Walter challenged me, “Have you ever personally observed a healer?” I had to admit I had never bothered to study something so obviously attributable to self-deception. Somewhat reluctantly, I accepted his invitation to observe Ethel Lombardi, a Reiki healing Master. This challenge changed my life.
Ethel brought about a physical change in a young man that was impossible according to all my medical and psychological understanding of how the body functions. A lump under his nipple started out measuring 1 x 2 centimeters, was rubbery-firm (like an eraser), was more fixed than one would like to see in any lump (suggesting it might be invasive), and was quite tender. Ethel treated him with a laying-on of hands, placing her hands over the chakras — the energy centers on the midline of the body. After only half an hour, during which time the young man cried vigorously — without explaining what he was experiencing (that bothered me as a psychiatrist!) – the lesion had changed. It had shrunk by a centimeter, was soft, freely mobile and not tender.
Fortunately, another physician was there with me and we agreed on our palpation of the lesion before and after the healing. Otherwise I am certain I would have let what we call retrocognitive dissonance convince me that I must have mismeasured or misremembered my perceptions — in order to explain away something that contradicted my expectations and understandings of what can happen with a lump under a young man’s nipple in half an hour.
Tremendously impressed with Ethel’s healing, I went to the literature to see what research had been published. This was the start of a collection of 155 controlled studies of healing that is now published in my book. These include studies of humans, other animals, plants, bacteria, yeasts, cells in laboratory culture, enzymes and more. Some of the studies were with touch healing, some with hands held near the studied organisms, and some were done from distances of several meters to several miles. More than half of these studies demonstrate significant effects.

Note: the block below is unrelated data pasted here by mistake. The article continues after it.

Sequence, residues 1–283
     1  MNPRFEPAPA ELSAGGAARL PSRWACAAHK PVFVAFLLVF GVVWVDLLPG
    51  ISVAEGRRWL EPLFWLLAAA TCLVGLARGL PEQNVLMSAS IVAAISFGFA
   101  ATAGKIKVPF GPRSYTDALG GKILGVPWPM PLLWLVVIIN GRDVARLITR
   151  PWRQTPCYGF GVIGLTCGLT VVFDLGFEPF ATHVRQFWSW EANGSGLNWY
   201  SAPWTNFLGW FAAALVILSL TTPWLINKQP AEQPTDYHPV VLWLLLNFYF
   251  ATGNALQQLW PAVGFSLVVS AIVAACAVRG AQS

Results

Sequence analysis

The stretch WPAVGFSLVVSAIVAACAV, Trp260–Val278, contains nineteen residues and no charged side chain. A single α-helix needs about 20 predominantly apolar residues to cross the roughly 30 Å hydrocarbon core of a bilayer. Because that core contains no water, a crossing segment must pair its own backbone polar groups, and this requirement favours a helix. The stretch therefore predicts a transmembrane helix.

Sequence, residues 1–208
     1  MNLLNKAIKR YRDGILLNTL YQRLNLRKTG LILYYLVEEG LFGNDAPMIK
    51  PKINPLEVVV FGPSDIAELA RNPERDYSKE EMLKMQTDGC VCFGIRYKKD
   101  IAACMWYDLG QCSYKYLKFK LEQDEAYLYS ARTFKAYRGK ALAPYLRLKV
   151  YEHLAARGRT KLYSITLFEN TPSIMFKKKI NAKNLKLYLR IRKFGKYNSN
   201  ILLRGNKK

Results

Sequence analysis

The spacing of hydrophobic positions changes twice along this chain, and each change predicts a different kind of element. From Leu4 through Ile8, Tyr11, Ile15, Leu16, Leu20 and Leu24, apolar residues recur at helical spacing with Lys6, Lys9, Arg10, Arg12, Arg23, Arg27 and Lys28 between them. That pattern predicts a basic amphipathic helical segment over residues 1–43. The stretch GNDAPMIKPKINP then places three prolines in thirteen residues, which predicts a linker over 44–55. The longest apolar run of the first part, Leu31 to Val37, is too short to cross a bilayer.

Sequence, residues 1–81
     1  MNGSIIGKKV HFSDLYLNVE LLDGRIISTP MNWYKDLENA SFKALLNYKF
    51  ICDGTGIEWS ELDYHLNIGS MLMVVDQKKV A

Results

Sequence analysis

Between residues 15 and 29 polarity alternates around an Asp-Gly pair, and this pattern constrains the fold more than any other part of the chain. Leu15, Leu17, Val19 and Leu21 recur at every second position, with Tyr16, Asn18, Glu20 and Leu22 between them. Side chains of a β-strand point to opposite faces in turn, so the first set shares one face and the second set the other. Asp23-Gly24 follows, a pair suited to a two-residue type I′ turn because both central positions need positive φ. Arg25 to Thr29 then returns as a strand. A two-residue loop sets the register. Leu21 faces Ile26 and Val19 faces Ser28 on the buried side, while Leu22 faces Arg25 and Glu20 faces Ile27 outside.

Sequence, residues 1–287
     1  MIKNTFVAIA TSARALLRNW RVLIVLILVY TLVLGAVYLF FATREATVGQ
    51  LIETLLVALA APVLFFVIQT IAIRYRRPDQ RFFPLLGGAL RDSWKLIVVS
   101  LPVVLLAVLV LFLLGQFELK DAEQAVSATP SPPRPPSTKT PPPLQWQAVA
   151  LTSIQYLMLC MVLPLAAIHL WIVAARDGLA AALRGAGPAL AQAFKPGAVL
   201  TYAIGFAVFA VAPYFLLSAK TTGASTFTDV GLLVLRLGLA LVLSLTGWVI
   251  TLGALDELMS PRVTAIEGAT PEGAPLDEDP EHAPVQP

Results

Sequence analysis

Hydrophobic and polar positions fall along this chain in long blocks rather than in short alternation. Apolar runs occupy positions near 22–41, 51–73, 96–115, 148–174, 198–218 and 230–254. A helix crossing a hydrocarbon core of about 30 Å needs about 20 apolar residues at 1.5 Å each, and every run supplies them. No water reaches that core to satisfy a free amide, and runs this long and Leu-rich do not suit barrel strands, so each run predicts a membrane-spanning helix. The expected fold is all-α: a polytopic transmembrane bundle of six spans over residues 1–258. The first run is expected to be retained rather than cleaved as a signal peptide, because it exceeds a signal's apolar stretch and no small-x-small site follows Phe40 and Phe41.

There can be little doubt that healing works. Let us examine one of the 155 controlled studies.
Distant healing produced significant effects in patients with cardiac problems. Randolph Byrd, M.D. arranged for prayer healing to be sent to 192 patients on a coronary care unit, while another 201 patients served as controls. This was done with a double-blind design, where neither the patients nor the treating or evaluating physicians knew which patients were sent the healing and which were not. The patients were randomly assigned to either of these groups, and no significant differences were noted between the groups on many variables. Highly significant effects were found in the treated group, in which there were lower incidences of intubation/ventilation, use of antibiotics, cardiopulmonary arrest, congestive heart failure, pneumonia, and the use of diuretics. The study was published in the respected, conventional Southern Medical Journal in 1988.
On the basis of this evidence from the many significant studies, and in view of the absence of negative side effects of healing, I believe that if healing were a medicine it would be on the market.
How can we understand healing, which seems to occur through intention and subtle energies?